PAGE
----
I know the Starman may have just died last night, but can we all agree that was terrible?
If I told you that two icons of rock and roll were going to duet on a Motown classic, you'd be all in, right? But if I told you the collaboration happened in 1985, you might pump the brakes.
I mean, seriously, were the '80s good to any of our '60s and 70s rock heroes? Dylan? Any of the Beatles? Neil Young? Bad decades all around.
Those were dark days, my friends.
But I'm here to talk about Bowie, not deride the '80s.
Looking over Bowie's career, there are lots of things one could celebrate. Many people this morning have focused on his transcendent weirdness and ability to reinvent himself.
What I think I'll always remember about Bowie is his how good he was as a collaborator and a producer.
The very presence of Bowie seemed to bring out the best in people.
If not for his 1972 album "Transformer," and particulary "Walk on the Wild Side," I'm not sure what Lou Reed's legacy would be to the average rock fan.
Of course, he was one of the main forces behind the Velvet Underground, but with Bowie and Mick Ronson producing, Reed gave us his most recognized solo work with "Transformer."
I heard Bowie tell the story once of the saxophone solo at the end of "Walk on the Wild Side." They were recording in London, and they needed someone to play the solo, so they called in Ronnie Ross, who was well-known in the London jazz scene.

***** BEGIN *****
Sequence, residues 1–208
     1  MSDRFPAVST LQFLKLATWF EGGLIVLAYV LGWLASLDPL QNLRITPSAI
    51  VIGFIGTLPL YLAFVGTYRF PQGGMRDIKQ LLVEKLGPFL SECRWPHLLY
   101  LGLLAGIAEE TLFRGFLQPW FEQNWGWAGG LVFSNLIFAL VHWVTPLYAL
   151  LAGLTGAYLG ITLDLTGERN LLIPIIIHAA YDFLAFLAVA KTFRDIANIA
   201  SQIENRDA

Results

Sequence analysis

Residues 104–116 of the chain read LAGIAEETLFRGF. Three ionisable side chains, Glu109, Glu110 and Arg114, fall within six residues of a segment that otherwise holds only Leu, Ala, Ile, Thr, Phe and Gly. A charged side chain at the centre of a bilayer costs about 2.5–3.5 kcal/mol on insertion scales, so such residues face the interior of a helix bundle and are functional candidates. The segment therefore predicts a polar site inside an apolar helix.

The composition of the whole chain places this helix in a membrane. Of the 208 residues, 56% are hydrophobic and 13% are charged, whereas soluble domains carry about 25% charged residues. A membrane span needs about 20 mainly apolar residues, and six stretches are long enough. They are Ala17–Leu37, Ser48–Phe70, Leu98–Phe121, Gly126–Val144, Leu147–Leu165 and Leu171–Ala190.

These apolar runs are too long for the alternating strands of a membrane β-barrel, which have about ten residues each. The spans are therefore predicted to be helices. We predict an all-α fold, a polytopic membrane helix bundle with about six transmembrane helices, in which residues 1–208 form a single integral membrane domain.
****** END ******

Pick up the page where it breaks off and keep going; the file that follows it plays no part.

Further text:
Ross had also tutored Bowie (whose real name was David Jones) on the saxophone when he was a kid.
So Ross comes in, plays the solo and as he's preparing to leave, Bowie says, "Thanks, Ron. Should I come over to your house on Saturday morning?"
Finally recognizing the androgynous man in front of him, Ross was amazed, ""I don't %$*^@ believe it! You're Ziggy Stardust?"
It's probably fair to say that Bowie saved Iggy Pop's career. While Iggy never exactly got over his self-destructive ways, his friendship and collaboration with Bowie seems to have given him direction in the '70s and '80s.
And the album "Lust for Life," particularly the title track and "The Passenger," are among the very best things Iggy ever gave us.
Is there a better Bowie collaboration than this one?
Not much to say, except that I love the way this is essentially an argument between the pessimistic Bowie and the optimistic Mercury.
And now we've lost them both.
Not the first time I've written about this one.
It just shows how Bowie was pretty much open to anything. (But I think we knew that.)
Bowie and Bing Crosby? On a Christmas song?
It's just so absurd that it works.
Rest in peace, David Jones. You made quite an impact.